Yep, this screen all about shooting a floating clown head right in its hideous grinning face. Rather than the multiple targets of the carnival stage, the clown presents one or two targets at a time to test your precision shooting skills. There’s a target under his hat, targets pop out of his ears on springs and rather disturbingly the clown offers it’s own facial features as targets – urging the player to shoot it in the teeth or right in the eyes, all with a goofy smile on its face. It’s smiling because it knows that, as a clown, it cannot be harmed by something so mundane as a gun.

Something much less upsetting next, with a jolly little scene of a castle under siege by viking raiders. It feels a bit more interactive than the previous scenes, which helps; for example, shooting the gate open releases knights that you can hit, and knocking all the vikings out of their longboat causes it to sink. It’s definitely the “gun channel” that I enjoyed the most, thanks in no small part to the adorable sight of the king and queen cowering behind the parapets. That said, the real reason I enjoyed it is because after playing the first two stages I went into the dip switch settings and increased the size of the targets' hitboxes from “infant microsurgery level of precision” to “merely challenging.” Seriously, the default settings require absolutely pin-point shooting to score a hit, so the guns on the actual arcade cabinet better have been pretty bloody good. It doesn’t help that most of the targets are placed on round, coloured targets, because it tricks you into thinking that any hit on the round coloured target will be good enough. It isn’t. You have to hit the cross itself.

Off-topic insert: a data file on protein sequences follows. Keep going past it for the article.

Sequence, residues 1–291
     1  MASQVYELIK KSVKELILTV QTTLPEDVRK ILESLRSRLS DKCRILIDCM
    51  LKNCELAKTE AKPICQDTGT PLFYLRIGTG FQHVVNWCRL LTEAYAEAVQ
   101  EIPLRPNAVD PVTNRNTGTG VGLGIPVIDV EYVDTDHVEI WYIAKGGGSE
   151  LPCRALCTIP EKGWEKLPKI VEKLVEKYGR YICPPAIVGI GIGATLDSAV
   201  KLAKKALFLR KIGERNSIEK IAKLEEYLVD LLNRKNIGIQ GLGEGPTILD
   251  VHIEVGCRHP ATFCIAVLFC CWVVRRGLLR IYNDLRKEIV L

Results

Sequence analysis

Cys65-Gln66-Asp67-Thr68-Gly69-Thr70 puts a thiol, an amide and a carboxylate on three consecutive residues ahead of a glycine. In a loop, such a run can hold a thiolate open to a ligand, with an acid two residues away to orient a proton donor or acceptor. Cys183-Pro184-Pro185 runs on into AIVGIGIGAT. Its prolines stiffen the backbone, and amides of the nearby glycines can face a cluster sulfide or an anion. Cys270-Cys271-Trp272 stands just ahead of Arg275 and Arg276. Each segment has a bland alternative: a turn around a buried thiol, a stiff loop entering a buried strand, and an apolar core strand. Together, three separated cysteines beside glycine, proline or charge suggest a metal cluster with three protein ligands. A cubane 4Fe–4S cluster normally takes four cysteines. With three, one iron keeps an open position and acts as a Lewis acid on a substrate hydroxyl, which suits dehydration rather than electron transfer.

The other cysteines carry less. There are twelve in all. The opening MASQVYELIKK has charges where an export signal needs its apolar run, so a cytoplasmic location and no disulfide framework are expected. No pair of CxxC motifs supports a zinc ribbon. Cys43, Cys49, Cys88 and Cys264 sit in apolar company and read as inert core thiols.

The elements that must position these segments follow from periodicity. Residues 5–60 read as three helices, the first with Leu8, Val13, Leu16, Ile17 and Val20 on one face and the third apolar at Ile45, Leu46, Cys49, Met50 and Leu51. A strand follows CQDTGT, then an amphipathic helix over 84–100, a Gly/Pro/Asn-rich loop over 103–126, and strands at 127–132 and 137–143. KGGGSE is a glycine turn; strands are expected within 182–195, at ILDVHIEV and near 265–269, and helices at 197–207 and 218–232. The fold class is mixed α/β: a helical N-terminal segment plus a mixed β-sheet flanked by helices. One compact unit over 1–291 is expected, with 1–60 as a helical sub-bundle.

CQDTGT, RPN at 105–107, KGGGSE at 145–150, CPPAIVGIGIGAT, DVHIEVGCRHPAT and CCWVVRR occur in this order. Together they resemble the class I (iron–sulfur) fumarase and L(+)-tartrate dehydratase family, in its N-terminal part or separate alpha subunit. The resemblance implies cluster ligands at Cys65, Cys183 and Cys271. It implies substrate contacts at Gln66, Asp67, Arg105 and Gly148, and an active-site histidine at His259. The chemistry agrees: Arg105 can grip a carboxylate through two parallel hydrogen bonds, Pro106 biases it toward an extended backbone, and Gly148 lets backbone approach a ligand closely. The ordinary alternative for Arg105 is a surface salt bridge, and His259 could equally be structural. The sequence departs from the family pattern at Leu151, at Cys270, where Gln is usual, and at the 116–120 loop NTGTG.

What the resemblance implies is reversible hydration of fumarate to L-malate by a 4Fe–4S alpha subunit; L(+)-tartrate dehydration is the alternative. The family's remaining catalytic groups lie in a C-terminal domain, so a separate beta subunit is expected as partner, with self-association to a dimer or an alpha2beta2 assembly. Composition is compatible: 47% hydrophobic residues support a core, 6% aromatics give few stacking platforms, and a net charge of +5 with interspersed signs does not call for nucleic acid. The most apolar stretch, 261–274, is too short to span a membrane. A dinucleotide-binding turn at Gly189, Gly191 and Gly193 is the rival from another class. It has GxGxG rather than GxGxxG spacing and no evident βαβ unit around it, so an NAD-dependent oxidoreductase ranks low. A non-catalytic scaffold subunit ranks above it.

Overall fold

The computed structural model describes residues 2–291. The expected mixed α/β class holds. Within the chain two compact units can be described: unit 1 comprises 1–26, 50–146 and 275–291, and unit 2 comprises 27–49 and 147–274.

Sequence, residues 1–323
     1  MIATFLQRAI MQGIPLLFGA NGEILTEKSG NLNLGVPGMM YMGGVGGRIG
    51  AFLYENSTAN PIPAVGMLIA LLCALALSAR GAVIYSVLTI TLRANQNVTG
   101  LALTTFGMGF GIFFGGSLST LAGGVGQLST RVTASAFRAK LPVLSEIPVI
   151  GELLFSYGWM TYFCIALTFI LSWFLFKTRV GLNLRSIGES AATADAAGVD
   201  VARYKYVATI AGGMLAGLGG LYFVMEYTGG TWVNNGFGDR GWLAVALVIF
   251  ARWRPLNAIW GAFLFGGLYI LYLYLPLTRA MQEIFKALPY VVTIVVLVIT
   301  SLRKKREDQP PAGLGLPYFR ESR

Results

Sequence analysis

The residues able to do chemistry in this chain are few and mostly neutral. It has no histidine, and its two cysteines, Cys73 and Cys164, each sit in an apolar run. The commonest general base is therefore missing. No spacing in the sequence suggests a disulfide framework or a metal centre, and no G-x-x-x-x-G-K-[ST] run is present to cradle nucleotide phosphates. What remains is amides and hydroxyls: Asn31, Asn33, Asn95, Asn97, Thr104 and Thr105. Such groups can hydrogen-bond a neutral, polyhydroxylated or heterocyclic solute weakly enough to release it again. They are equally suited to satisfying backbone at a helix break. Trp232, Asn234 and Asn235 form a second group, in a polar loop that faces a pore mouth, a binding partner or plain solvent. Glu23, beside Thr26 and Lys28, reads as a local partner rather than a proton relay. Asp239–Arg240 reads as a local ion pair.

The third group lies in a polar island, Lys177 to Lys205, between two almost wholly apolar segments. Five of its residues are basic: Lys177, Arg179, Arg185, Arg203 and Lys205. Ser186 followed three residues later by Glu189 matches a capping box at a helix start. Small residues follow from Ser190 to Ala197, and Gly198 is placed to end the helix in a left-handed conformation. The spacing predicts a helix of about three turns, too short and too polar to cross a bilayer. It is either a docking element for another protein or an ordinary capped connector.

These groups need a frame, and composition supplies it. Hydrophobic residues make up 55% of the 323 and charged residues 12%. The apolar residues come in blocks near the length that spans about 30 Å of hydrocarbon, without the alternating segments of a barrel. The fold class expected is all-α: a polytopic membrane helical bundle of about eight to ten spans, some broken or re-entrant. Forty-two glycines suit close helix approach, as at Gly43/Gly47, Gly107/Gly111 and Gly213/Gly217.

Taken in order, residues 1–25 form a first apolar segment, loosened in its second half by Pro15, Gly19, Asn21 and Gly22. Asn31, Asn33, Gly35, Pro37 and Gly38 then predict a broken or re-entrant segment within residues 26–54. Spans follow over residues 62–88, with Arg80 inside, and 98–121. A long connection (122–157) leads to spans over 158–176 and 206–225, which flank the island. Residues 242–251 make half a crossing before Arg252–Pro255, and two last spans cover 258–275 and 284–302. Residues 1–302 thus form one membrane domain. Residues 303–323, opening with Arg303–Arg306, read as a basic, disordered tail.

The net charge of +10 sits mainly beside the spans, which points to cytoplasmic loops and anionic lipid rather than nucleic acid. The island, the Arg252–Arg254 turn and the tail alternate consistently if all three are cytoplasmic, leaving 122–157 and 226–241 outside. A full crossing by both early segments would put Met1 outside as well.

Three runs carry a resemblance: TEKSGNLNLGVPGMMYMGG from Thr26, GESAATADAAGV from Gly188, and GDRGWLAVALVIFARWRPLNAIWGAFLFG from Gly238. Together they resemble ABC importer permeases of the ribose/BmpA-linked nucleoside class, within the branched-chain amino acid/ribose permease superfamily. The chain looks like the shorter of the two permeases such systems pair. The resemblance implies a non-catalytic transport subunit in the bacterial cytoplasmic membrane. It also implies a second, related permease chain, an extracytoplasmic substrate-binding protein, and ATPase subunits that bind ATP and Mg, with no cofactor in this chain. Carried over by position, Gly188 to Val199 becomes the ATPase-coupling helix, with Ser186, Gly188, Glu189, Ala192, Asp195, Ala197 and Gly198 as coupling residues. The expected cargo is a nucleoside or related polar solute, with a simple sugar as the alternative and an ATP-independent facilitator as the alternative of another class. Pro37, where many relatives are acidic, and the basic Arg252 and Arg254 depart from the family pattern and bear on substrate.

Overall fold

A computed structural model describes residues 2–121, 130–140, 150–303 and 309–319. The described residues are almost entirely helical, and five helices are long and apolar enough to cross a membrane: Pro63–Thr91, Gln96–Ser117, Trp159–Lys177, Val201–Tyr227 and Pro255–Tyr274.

Less interesting than the castle scene is this screen of two poor fools locked in an endless catapult war. You can try to show them the futility of their struggle by shooting the catapulted boulders out of the air but they’ll never give up their endless war. Mind you, they look pretty cheerful. Maybe I’ve misread the situation and they’re actually boulder tradesmen who can’t afford a boat.
Also present are a sea monster with a particularly tricky target in its mouth, and a chap who had the misfortune to fly across a gun range in a hot-air balloon. Surprisingly you can’t pop the balloon. However, you can destroy its sandbags, and the lack of ballast causes it to drift up into the stratosphere. That’s definitely worse.

The time-travel continues, and now we’re back in a prehistoric scene seemingly designed specifically to annoy paleontologists. Cavemen, dinosaurs and elephants all in the same place? Preposterous! I suppose you could argue that it’s supposed to be a woolly mammoth, but there are two drawbacks to that interpretation; one, it’s not woolly and two, it’s an elephant. However, the most important aspect of this scene is that the caveman has been drawn with a very well-defined arsecrack. Go on, take a good look at that caveman’s backside. Delightful.